In contrast to some early reviews that panned the new iPhone 7’s photography chops, the seasoned testers at DxOMark still crowned Apple’s latest smartphone with high scores. The iPhone 7, in particular, was called Apple’s best yet. The one caveat, however, is that while the iPhone 7 did get an overall score of 86, beating out the iPhone 6s Plus’ 84, that still landed this year’s model only in 3rd place, behind 6 other smartphones in DxOMark’s growing list of smartphones with outstanding cameras.
First, the good parts. The iPhone 7 camera performed extremely well, in both outdoor and indoor scenarios, faltering only ever so slightly in low-light conditions. Detail preservation was excellent, image stabilization was reliable, and only very few artifacts could be observed. In low-light scenes, the camera’s large f/1.8 aperture made short work of usually difficult scenes, especially with OIS involved. OIS even kicks in with video recording, making the smartphone an all around wonder.
Of course, it’s hardly perfect. The phase detection AF was deemed not completely repeatable in some cases. The LED flash, while bright, produced some rather dark corners. But one of perhaps the biggest factor that caused the iPhone 7’s lower rating was the size of its sensor, only 12 megapixels, compared to higher and larger sensors on the top dogs in the list, the HTC 10 and the Samsung Galaxy S7 edge. DxOMark remarks that it was, to some extent, a necessary compromise to keep the iPhone 7 still slim while also producing quality photos and videos.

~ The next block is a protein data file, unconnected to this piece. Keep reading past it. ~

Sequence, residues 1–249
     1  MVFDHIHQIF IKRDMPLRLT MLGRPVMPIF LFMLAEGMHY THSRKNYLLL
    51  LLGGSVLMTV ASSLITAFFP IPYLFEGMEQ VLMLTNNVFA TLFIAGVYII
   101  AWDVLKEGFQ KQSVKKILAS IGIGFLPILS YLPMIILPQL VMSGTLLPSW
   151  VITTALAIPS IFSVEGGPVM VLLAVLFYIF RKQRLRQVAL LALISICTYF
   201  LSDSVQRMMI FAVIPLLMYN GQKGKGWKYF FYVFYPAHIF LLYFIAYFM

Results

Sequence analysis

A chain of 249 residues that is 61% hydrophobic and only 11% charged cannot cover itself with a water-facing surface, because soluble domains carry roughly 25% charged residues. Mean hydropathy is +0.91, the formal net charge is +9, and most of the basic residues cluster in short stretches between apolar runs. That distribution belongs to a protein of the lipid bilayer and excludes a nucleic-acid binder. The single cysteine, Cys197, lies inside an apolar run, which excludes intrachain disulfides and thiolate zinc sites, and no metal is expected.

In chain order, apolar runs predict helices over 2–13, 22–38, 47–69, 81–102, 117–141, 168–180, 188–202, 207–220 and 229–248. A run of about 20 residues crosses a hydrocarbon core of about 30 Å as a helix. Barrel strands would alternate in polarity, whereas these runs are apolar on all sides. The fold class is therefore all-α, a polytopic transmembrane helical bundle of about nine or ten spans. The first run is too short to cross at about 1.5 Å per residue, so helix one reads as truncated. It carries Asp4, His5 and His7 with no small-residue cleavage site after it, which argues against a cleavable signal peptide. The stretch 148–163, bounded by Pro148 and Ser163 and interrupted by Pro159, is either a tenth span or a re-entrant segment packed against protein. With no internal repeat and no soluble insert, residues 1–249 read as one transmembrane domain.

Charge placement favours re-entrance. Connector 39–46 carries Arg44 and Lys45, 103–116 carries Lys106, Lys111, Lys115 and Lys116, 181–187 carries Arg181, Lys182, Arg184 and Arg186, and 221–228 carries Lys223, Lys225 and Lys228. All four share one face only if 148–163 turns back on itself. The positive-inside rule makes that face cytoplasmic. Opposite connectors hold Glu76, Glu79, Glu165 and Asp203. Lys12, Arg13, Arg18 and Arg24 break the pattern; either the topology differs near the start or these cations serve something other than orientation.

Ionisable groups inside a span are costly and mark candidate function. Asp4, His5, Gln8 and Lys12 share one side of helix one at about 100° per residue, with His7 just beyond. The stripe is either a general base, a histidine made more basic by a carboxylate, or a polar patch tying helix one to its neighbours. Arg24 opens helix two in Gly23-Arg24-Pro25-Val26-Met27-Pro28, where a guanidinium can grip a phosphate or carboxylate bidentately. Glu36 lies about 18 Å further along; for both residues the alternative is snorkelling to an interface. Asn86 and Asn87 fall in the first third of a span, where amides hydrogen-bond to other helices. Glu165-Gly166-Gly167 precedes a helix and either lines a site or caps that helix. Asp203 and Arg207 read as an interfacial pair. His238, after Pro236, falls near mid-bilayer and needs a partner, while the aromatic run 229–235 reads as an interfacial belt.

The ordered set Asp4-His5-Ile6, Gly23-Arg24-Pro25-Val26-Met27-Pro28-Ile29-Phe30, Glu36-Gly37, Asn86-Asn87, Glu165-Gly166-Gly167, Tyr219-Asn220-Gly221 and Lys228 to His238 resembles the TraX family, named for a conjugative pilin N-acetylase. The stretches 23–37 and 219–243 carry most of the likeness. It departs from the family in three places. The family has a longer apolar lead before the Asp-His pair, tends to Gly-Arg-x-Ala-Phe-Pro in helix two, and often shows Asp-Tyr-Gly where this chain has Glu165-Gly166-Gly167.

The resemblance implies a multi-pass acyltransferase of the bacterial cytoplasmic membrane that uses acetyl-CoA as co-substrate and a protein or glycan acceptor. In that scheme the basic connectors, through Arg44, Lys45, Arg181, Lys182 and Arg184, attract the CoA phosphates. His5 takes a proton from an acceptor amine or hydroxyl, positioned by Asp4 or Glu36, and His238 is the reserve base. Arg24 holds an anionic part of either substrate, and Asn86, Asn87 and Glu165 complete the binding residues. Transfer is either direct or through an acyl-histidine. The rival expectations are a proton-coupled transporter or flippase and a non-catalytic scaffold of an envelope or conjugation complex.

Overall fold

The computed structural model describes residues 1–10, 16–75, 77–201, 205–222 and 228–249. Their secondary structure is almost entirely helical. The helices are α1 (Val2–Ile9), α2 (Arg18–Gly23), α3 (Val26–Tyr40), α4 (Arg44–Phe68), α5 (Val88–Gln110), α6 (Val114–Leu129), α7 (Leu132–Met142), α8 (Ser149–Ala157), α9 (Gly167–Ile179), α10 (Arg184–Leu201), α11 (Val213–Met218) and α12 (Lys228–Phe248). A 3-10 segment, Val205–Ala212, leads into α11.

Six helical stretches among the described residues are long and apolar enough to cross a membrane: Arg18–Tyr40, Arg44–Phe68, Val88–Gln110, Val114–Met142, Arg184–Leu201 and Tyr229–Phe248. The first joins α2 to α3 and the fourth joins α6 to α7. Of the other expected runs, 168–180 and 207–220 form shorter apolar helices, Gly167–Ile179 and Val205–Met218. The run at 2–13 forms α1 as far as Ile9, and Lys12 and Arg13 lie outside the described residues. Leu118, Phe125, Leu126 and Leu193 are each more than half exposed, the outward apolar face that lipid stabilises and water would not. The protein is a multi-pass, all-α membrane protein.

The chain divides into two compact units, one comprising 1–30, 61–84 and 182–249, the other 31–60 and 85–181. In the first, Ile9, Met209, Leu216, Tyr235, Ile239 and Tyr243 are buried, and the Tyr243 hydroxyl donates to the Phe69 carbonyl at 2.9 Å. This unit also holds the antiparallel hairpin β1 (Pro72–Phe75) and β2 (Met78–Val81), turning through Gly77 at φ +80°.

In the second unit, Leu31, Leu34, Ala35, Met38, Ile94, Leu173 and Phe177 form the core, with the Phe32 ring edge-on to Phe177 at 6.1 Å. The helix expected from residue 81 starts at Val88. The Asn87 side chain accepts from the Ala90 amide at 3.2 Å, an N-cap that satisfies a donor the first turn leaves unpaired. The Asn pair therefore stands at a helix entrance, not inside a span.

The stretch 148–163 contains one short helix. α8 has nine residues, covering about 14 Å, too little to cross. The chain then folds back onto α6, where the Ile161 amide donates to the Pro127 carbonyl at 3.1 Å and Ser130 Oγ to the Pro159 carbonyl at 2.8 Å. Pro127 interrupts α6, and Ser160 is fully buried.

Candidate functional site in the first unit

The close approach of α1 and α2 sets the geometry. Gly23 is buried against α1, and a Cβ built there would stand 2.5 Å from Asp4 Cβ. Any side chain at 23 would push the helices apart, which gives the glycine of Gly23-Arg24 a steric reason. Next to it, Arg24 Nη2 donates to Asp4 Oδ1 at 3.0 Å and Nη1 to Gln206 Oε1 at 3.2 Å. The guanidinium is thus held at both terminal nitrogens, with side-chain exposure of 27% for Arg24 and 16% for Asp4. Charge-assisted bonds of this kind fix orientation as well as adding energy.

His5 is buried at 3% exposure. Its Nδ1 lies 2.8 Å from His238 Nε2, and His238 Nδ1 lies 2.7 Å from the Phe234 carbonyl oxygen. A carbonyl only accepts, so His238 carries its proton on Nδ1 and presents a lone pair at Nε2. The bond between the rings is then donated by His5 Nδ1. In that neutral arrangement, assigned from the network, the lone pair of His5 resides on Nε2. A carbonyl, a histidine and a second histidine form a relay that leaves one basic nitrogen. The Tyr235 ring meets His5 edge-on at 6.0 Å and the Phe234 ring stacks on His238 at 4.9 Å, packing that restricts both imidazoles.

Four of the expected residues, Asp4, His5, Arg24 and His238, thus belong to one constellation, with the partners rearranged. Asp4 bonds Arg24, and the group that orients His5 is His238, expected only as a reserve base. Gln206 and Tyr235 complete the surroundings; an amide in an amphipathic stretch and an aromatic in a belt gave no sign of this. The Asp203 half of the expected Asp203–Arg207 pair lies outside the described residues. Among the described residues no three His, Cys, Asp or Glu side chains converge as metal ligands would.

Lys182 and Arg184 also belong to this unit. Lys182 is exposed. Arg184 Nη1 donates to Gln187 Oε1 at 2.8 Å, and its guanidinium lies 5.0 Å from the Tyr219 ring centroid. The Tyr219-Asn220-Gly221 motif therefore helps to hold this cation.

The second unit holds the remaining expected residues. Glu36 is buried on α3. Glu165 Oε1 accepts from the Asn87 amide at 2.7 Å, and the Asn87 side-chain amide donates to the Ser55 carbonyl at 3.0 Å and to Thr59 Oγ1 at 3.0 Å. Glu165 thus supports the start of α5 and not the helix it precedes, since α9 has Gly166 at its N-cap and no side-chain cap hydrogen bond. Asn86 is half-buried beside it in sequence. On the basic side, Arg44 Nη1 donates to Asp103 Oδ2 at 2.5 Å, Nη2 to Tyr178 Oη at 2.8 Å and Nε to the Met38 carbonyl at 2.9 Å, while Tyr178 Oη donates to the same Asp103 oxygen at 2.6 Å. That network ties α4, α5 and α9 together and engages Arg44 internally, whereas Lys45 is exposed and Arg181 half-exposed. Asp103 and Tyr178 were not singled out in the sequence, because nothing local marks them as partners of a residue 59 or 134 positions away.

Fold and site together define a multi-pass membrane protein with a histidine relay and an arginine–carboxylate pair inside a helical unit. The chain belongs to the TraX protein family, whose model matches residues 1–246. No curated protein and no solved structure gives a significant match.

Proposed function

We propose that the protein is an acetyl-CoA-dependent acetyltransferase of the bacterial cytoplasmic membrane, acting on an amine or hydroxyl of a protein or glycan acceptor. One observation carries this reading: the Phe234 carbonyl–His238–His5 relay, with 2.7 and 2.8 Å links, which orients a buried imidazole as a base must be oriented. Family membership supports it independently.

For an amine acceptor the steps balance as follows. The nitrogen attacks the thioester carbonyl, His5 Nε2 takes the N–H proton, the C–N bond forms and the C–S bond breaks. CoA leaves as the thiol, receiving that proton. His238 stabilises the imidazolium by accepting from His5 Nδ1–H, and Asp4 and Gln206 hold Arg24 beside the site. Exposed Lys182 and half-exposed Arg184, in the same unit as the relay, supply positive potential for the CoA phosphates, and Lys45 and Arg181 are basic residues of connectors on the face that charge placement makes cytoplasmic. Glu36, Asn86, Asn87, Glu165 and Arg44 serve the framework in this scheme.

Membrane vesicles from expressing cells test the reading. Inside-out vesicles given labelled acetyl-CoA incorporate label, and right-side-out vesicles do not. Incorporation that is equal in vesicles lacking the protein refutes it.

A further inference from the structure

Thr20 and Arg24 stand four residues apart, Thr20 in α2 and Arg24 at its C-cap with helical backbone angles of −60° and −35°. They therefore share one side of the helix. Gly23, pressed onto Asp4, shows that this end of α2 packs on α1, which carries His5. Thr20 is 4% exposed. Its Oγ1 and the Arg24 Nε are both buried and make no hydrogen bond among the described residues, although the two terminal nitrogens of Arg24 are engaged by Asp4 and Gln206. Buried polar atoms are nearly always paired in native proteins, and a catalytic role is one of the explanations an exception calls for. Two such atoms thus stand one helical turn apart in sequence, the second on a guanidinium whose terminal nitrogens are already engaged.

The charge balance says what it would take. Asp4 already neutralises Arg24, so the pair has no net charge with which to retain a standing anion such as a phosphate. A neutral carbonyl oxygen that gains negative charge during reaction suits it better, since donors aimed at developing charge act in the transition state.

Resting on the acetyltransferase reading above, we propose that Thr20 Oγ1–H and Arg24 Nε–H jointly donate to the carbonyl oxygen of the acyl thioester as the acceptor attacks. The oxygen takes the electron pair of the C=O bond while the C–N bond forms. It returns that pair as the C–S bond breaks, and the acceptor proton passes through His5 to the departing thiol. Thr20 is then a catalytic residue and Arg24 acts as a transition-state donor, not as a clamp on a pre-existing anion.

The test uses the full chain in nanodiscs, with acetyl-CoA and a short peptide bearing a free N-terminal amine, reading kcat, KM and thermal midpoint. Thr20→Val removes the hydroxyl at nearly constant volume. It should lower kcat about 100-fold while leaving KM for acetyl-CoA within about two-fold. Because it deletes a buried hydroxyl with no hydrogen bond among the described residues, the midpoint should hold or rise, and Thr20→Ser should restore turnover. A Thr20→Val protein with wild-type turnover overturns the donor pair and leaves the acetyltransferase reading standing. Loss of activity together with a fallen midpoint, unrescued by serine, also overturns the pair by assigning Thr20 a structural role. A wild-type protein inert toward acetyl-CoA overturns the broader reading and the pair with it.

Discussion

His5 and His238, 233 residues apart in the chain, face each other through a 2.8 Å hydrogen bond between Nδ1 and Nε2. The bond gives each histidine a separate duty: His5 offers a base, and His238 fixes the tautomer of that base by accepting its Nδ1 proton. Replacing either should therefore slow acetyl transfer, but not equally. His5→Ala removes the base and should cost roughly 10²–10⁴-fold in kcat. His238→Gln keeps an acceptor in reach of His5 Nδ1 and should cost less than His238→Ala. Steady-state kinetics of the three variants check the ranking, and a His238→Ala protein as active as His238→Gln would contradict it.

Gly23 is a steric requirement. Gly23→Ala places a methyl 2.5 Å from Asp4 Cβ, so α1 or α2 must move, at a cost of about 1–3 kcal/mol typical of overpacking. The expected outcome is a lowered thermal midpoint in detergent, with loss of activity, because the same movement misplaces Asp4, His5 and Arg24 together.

That said, Apple makes up for the smaller sensor with a feature not found in any of the other smartphones in the market today. Instead of using the sRGB color gamut that is practically the standard among camera smartphones, the iPhone 7 supports the Digital Cinema color space (DCI-P3) for JPEG. This provides and even wider gamut of colors, just as HDR provides a wider range of tones. The result is a richer and fuller range of colors. The drawback is that this advantage can really only be observed on displays that also support DCI-P3. But if Apple is pushing the standard, you can bet many such displays and smartphones will follow suit.
The iPhone 7’s high score does bode well for the iPhone 7 Plus, which DxOMark has yet to rate. The larger smartphone sports a dual-camera, the first iPhone to do so, with support for 2x optical zoom, also the first dual-camera to do so.
You can check out our own review of both the iPhone 7 and iPhone 7 Plus, where we put the whole smartphone, not just the camera, to the test.